On May 21, 1993, at 1728 hours eastern daylight time, a Ryan Navion airplane, N4467K, registered to Robert G. Giacobone, Lincoln, Rhode Island, was substantially damaged during a forced landing in a field near Cumberland, Rhode Island. The pilot, the sole occupant, was not injured. Visual meteorological conditions prevailed and a flight plan was not filed. The personal flight departed from Mansfield, Massachusetts, and was conducted under 14 CFR 91. Use your browsers 'back' function to return to synopsisReturn to Query Page
According to the pilot;
"On May 21, 1993, at approximately 1530 I flew 30 minutes in SFZ [North Central State Airport] pattern then headed to Mansfield Airport and flew in pattern . . . until 1 hour of total time of flight had elapsed. I landed at Mansfield and taxied to Casey Aviation where Jim Casey inspected engine. I let engine cool, then Jim cleaned engine and compartment. I then took off from Mansfield and headed toward SFZ. Enroute to SFZ my engine quit. I tried to restart, but it did not. With engine windmilling, I started to look for a field to put it. I was deciding between RT 295 or a field in Cumberland, RI. I decided to land in a small field approximately 1000 feet long. I touched down fine, but [while] rolling out on the tall grass I hit a hole, collapsing my nose gear."
An examination of the wreckage conducted by FAA inspectors revealed that the nose gear of the airplane had separated. The firewall and one wing also received damage. Approximately three gallons of fuel had been removed form the tanks. The fuel was inspected and "no substantial contamination was discovered." All of the fuel lines were drained and inspected; no indication of blockage or contamination was found. According to the FAA inspectors' report, "Fuel receipts and logbook records provided by the pilot indicated that there was sufficient fuel in the aircraft tanks to sustain engine operation."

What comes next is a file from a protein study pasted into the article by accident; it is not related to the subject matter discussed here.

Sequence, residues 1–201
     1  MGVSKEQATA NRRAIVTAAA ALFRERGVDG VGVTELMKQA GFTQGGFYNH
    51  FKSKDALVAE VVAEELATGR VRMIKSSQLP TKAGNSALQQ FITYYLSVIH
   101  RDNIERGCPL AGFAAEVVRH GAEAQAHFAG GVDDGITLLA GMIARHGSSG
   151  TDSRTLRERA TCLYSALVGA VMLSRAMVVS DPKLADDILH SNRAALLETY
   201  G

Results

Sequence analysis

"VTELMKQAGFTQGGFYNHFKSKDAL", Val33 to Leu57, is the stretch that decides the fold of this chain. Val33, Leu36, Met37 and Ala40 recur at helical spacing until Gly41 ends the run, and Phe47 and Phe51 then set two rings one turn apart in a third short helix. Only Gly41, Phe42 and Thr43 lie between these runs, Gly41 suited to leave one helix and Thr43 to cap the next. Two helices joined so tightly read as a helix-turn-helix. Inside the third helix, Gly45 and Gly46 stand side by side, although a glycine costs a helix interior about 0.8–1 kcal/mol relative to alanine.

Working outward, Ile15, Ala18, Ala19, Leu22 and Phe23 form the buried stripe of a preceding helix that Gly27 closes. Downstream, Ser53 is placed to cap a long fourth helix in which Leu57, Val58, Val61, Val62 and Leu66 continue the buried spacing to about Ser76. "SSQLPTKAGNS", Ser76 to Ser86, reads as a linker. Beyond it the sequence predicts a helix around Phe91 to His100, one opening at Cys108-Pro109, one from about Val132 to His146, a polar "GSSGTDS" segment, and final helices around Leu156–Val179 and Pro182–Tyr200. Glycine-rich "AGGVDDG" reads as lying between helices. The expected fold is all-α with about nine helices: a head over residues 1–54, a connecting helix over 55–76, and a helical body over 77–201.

A review of the airplane maintenance logbooks reveal that an overhauled carburetor and six overhauled cylinders were installed on the engine three days prior to the accident. The engine was ground run on this day with no reported malfunctions. According to the pilot, this action was taken after the no. 2 cylinder exhaust valve was found to be "stuck" during an engine run up on March 26, 1993.
The engine was removed from the airplane after the accident and test run under FAA supervision. According to the FAA inspectors' report, "the engine operation was normal, no problems were encountered."